Fig. 11.
Fig. 11.

Time series of fPM for sites in Fig. 10 that are not shown in Fig. 3.

Citation: Journal of Hydrometeorology 14, 4; 10.1175/JHM-D-12-0140.1

d. Monthly patterns and change detection

The efficacy of the ESI change product (ΔESI) in identifying changes in historical USDM drought classifications is examined in Fig. 12. Monthly analyses are presented for 4 years with rapidly evolving drought conditions, including seasons showing signals of flash drought occurrence in 2000, 2001, 2003, and 2011. These figures also show monthly anomalies and first-order changes in the ensemble-averaged NLDAS SM products for comparison. ESI and SM change products are both displayed as standardized anomalies, representing changes occurring over a 4-week interval. USDM changes (ΔUSDM) are simple differences in drought class over the same 4-week period. Overlaid on ΔUSDM are contours highlighting generalized areas where both ESI and SM changes are strong (>1.5σ), signaling areas of potential interest to drought monitors.

Fig. 12.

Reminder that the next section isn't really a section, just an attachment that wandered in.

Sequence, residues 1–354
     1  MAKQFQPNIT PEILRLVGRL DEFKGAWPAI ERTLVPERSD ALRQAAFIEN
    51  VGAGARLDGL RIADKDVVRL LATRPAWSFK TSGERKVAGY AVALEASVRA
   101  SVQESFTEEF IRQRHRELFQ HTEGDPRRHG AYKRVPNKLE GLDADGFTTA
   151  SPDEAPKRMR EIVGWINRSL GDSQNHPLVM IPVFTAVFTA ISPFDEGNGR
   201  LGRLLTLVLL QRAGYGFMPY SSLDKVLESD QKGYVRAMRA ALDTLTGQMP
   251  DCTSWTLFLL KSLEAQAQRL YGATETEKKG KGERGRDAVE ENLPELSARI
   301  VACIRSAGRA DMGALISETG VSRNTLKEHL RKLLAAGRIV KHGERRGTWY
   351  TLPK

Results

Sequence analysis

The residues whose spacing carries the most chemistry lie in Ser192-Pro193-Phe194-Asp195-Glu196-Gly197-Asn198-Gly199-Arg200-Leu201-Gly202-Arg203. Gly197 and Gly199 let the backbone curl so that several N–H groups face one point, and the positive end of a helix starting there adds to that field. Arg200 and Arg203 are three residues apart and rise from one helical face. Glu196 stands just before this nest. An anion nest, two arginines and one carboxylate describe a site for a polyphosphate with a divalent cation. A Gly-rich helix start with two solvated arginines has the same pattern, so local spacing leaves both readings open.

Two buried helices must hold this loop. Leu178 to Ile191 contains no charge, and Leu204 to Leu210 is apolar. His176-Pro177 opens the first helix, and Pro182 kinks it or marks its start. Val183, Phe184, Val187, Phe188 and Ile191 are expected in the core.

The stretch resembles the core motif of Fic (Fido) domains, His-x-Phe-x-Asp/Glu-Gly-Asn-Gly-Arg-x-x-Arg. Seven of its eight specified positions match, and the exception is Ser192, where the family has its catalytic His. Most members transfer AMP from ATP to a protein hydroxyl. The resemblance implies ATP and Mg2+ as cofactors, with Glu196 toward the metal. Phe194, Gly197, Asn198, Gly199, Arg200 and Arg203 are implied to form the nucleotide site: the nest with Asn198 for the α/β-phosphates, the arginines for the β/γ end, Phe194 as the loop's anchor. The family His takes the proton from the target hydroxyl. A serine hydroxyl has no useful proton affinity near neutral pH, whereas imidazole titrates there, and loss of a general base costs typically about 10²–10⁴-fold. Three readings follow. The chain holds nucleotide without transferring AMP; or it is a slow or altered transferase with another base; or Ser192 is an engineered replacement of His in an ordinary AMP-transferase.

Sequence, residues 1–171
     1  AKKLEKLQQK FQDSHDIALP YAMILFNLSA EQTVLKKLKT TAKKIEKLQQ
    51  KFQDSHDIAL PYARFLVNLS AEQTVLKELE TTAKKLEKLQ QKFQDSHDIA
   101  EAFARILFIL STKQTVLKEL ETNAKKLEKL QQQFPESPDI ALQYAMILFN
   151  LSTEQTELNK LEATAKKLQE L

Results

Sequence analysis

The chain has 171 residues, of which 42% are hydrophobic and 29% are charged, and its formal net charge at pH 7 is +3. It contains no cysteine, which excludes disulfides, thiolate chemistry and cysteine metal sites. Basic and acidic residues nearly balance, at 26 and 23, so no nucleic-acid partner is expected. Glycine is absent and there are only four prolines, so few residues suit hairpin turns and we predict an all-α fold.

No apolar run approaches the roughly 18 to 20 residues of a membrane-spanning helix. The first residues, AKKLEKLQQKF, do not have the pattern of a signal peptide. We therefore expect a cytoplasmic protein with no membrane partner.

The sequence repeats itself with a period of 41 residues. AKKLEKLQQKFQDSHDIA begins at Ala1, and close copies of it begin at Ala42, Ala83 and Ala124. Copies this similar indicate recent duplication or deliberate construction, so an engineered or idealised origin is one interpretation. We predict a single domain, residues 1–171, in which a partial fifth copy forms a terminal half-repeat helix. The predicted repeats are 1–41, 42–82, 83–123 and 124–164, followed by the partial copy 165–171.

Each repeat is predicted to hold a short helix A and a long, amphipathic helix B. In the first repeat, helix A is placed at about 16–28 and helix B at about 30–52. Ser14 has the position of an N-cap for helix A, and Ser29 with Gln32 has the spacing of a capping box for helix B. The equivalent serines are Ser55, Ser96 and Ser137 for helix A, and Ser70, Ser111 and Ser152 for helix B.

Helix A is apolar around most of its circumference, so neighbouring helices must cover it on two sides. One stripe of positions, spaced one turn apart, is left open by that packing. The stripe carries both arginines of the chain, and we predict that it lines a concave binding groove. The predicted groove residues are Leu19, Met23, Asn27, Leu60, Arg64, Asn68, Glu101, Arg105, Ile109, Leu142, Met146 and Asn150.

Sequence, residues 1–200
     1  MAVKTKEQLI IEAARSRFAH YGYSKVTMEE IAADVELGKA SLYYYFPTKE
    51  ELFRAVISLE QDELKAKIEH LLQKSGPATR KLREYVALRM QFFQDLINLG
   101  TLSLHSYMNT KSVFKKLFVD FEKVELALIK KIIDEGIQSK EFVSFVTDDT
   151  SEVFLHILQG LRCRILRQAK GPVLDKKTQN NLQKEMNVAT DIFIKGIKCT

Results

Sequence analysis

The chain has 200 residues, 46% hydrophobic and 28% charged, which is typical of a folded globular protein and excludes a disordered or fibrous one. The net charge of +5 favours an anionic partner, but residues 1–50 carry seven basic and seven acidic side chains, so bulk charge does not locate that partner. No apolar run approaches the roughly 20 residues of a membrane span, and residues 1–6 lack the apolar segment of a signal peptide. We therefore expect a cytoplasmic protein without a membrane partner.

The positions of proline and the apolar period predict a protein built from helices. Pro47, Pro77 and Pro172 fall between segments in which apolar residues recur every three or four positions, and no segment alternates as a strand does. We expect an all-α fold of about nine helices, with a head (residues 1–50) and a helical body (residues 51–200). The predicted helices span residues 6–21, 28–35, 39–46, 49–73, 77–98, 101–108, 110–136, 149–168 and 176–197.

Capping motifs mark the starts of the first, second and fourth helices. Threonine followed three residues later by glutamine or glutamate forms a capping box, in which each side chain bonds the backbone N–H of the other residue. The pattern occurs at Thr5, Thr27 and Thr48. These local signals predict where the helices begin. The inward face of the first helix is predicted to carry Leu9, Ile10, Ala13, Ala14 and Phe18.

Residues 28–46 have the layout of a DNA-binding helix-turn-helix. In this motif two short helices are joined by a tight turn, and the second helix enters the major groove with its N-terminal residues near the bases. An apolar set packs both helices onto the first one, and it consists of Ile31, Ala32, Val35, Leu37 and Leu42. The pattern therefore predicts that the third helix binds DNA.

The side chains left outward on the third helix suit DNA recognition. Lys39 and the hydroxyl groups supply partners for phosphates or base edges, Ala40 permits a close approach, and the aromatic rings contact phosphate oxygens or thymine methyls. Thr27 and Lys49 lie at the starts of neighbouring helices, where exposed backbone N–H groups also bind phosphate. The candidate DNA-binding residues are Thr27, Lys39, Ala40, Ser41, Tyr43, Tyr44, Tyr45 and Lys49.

Fig. 12.

(a)–(d) Monthly standardized anomalies in the USDM drought classes (USDM), 1-month ESI composites (ESI-1), 1-month ensemble-averaged SM anomalies (SMAV-1), as well as (first column) USDM drought classes for the week closest to the end of each month. Also shown are change indices ΔESI-1, ΔSMAV-1, and ΔUSDM reflecting changes observed over 4-week intervals. Overlaid on ΔUSDM are contours indicating generalized areas where both ΔESI-1 and ΔSMAV-1 indicate large decreases (red shades) and increases (green shades) in surface moisture. Maps are shown for (a) 2000, (b) 2001, (c) 2003, and (d) 2011.

Citation: Journal of Hydrometeorology 14, 4; 10.1175/JHM-D-12-0140.1

1) 2000

Monthly patterns in ESI and SMAV show strong similarity over the 2000 growing season (Fig. 12a). Both ESI and SMAV indicated lower SM conditions in the western United States in April–June, well before a D0–D1 classification appears in the USDM in August. Signals of the western drought appeared in SPI-3 in May, but VHI does not significantly capture this event at any time during 2000 (not shown).